Pain has the capacity to interfere with daily tasks. Although task interference by pain is largely unintentional, it can be controlled to a certain extent. Such top-down control over pain has been thought to be reduced in fibromyalgia patients. In this study, we investigated task interference and distraction efficacy in fibromyalgia patients (FM) and a matched healthy control group. Forty-nine fibromyalgia patients and 49 heathy volunteers performed as quickly as possible (a) a visual localization task in the presence of non-painful vibrating or painful electric somatic stimuli, and (b) a somatosensory localization task (using non-painful or painful stimuli). Participants reported on their experience of the somatic stimuli on some of the trials during both localisation tasks. Results indicated that pain interferes with performance of the visual task, in both FM patients and healthy individuals. Furthermore, participants experienced the pain stimulus as less intense when directing attention away from the pain than when focusing on the pain. Overall, task performance of FM patients was slower compared to the task performance in the healthy control group. In contrast to our hypotheses, FM patients and healthy volunteers did not differ in the magnitude of the interference effect and distraction-efficacy. In conclusion, current study provides support for contemporary theories claiming that attention modulates the experience of pain and vice versa. However, no evidence was however found for an altered attentional processing of pain in fibromyalgia patients. Furthermore, results indicate that task interference and distraction-efficacy are not just two sides of the same coin. [less ▲]

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See detailBlunted endocrine response to a combined physical-cognitive stressor in adults with early life adversity
Hengesch, X.; Elwenspoek, M.M.C.; Schaan, Violetta UL et al

in Child Abuse and Neglect (2018)

The negative health effects of early life adversity (ELA) continue long into adulthood. Changes in the physiological response to psychosocial stressors have been proposed to mediate this effect. However ... [more ▼]

The negative health effects of early life adversity (ELA) continue long into adulthood. Changes in the physiological response to psychosocial stressors have been proposed to mediate this effect. However, many previous studies have come to contradicting conclusions as to whether ELA induces a long-term increase or decrease in stress reactivity. Therefore, we tested the association of ELA exposure and adult stress reactivity in a sample of early life adoptees and controls.Two previously validated stressful elements (bilateral feet CPT and the Paced Auditory Serial Addition Task (PASAT)) were combined in an extended Cold Pressor Test (CPT). This test was performed on 22 participants who had experienced severe ELA (separation from biological parents, institutionalization, and adoption in early childhood), and in 22 age-matched control participants.A prior history of ELA was associated with blunted reactivity of the hypothalamic-pituitary-adrenal (HPA) axis (Cohen´s d = 0.680). Cardiovascular reactivity remained unchanged, and affective reactivity (self-report ratings) were increased in participants exposed to ELA compared to the control group (range Cohen´s d: 0.642–0.879).Our results suggest that the activity of the HPA axis reactivity was inhibited in ELA participants. Importantly, cardiovascular stress responsiveness was not affected by ELA. This separation of the HPA axis and cardiovascular stress responses may best be explained by ELA selectively enhancing central feedback-sensitivity to glucocorticoids, but preserving cardiovascular/ autonomic stress reactivity. [less ▲]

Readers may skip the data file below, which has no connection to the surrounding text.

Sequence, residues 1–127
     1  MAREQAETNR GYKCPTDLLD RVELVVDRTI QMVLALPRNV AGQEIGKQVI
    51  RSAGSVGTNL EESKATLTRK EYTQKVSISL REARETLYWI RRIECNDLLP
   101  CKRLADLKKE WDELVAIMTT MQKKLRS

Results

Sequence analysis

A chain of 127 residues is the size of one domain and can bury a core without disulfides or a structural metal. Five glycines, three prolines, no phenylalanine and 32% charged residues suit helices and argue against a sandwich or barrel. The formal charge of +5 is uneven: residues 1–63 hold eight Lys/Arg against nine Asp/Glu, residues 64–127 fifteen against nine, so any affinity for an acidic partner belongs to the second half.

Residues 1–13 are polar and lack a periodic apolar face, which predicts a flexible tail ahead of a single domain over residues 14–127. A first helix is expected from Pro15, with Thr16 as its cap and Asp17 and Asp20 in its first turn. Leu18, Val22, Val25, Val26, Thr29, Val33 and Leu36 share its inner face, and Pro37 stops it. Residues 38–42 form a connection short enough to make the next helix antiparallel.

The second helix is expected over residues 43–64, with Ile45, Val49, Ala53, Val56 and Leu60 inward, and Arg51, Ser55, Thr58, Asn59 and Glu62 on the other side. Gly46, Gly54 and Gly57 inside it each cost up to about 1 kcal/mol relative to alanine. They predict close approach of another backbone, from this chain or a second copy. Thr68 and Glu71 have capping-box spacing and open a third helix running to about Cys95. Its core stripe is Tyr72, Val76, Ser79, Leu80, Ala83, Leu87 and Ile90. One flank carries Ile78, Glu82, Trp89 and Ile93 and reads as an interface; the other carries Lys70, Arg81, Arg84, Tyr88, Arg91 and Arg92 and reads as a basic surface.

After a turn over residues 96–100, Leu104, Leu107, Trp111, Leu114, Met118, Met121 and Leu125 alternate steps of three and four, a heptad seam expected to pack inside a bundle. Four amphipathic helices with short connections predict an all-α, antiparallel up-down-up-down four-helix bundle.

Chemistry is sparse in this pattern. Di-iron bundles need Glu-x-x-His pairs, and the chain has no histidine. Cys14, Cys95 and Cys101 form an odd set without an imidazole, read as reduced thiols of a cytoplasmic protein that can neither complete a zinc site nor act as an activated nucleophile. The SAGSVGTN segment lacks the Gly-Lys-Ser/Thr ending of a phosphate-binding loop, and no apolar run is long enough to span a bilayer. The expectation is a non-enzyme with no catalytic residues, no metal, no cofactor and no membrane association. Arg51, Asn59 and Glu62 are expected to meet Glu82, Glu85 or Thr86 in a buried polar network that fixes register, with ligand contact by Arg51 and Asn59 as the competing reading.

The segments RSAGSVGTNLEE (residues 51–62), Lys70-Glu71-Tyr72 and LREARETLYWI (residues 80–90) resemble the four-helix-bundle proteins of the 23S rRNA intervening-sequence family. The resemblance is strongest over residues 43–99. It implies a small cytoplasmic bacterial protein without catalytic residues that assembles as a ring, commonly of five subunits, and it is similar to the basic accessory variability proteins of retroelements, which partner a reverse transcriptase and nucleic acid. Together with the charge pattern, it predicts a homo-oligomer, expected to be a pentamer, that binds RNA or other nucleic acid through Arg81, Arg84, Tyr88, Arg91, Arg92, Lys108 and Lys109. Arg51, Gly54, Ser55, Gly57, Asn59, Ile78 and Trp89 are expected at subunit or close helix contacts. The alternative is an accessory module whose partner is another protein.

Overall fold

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See detailLate heartbeat-evoked potentials are associated with survival after cardiac arrest
Schulz, André UL; Stammet, P.; Dierolf, Angelika UL et al

in Resuscitation (2018), 126(1), 7-13

RATIONALE: Cardiac arrest (CA) is a serious condition characterized by high mortality rates, even after initial successful resuscitation, mainly due to neurological damage. Whether brain-heart ... [more ▼]